I think that a lot of people, when they develop health issues, are like, “Oh, I can’t eat this thing that I’ve always eaten," and they kind of freak out.

I help them by saying, “OK, so you want to eat a burger and fries? Go ahead and eat a burger and fries. But here, have this giant salad first, because the fiber and the water will fill you up, and there are nutrients in it because it’s organic, so you’ll give the body the nutrition it needs with no fillers, and you’ll feel more satisfied." What happens all the time is that they’ll eat maybe half of \[the burger and fries\].

Do most raw foodies eat 100 percent raw food?
I don’t think so. I think being able to eat 100 percent raw food really depends on your climate, your location, your lifestyle. Unless you’re making your own food all the time, which some people don’t really have time for. Even \[raw guru\] David Wolfe and people like that are saying, "Eat 80 percent raw." Some people even say 50 percent raw. It’s kind of difficult to be 100 percent raw in our world with our lifestyle.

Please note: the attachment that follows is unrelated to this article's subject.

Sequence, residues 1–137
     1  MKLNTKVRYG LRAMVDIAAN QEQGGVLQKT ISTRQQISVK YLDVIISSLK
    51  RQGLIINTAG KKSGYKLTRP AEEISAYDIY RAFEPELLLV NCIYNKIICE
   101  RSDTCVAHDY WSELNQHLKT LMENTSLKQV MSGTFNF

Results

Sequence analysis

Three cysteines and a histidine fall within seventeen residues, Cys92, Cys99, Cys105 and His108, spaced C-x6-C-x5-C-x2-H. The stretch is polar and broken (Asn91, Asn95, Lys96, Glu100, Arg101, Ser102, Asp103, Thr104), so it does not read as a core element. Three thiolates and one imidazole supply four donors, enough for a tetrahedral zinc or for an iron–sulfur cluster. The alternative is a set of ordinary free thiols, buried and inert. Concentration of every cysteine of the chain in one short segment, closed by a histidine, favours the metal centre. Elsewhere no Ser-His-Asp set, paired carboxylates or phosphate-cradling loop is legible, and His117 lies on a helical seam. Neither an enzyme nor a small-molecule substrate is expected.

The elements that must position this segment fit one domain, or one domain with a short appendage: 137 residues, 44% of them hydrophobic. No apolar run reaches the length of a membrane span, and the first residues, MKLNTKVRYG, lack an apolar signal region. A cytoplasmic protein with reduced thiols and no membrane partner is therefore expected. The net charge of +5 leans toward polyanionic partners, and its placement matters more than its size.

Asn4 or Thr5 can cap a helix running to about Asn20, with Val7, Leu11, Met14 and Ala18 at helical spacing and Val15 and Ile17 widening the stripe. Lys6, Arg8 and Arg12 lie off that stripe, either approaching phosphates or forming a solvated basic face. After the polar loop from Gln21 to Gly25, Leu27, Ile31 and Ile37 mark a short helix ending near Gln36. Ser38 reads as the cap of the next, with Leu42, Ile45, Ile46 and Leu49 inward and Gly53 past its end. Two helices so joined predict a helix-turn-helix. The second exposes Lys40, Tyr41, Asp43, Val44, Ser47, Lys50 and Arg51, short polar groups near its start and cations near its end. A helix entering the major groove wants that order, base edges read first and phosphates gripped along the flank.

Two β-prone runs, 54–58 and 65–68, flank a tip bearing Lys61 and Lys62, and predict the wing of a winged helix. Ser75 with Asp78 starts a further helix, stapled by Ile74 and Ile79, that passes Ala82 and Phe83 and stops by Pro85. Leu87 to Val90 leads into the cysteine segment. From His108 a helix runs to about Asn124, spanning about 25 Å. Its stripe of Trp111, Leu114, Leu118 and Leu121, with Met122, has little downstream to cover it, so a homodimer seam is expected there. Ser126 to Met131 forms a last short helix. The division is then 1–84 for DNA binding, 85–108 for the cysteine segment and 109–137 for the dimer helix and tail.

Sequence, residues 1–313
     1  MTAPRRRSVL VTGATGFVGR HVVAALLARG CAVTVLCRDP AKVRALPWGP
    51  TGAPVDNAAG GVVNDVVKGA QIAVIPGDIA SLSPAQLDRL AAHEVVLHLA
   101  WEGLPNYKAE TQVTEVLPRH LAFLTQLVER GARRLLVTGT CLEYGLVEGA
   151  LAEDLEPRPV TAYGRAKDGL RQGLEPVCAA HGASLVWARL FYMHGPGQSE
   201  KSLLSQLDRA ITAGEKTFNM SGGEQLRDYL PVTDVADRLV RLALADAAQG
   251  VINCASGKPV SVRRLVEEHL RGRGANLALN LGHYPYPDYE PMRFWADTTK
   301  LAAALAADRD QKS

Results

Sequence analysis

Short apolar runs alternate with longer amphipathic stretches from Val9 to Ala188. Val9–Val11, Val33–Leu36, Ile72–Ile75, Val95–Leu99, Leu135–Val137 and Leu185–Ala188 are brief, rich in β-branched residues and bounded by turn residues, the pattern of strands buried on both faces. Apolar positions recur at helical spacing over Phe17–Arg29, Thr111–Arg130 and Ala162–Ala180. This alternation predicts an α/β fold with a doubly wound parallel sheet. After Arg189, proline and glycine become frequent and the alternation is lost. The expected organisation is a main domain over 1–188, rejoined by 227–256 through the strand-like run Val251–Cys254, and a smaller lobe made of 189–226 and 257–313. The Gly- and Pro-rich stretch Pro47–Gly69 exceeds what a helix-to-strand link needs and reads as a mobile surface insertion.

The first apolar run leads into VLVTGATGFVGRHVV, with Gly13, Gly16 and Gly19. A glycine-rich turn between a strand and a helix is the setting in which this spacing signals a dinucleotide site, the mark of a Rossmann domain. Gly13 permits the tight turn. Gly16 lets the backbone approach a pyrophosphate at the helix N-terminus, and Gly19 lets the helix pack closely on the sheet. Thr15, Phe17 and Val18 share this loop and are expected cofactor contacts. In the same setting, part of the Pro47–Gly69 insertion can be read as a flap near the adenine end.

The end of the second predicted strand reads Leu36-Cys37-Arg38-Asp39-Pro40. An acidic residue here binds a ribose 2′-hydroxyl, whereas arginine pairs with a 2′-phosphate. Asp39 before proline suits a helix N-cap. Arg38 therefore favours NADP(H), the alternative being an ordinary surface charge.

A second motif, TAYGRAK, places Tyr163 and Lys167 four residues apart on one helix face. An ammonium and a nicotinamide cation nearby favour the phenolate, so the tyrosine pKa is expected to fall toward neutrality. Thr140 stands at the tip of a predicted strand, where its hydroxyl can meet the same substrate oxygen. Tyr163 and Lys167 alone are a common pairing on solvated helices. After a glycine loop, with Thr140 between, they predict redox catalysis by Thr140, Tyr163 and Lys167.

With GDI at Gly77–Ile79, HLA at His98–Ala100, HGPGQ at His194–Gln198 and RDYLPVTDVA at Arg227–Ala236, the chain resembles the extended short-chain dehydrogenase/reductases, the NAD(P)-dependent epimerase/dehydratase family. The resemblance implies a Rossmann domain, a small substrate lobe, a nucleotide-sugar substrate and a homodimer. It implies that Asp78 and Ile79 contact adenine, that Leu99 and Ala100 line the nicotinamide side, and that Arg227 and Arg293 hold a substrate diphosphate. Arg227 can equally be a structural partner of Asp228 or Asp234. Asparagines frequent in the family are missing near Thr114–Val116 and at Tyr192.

But I think there are concentrations. In southern California, there are definitely 110 percent raw fooders — like, extreme raw fooders. But you’re in a hot sunny climate with lots of organic farmers' markets. For somebody in Toronto, it’s not realistic. 

I’m not 100 percent raw anymore. I used to be, when I lived in southern California. When I lived up in Portland, \[Oregon\], my house was 100 percent raw, but there were no raw restaurants, and there’s no place to go and get raw. Unless we did the raw, there was no raw. We’d do classes at Whole Foods. Sometimes I’d get tired of eating my own food, but we’d have potlucks at our house, and other people would bring their foods so I could eat other people’s foods. But it was hard to ever go out anywhere. 


h1. Phyo on video

Watch Ani Phyo demonstrate her dolmas recipe on YouTube.


Also, I was getting so much energy off of it that I wasn’t balanced in my life. I was working working working all the time; I was super-productive and I got tons of work done. I’d never get sick and I could just go go go go, but after doing that for so many years, I think I depleted my body overall. Because there needs to be balance. For me, I needed to ground a little bit and catch up on rest.

Can you talk a little about how raw-food diets fit into environmentalism?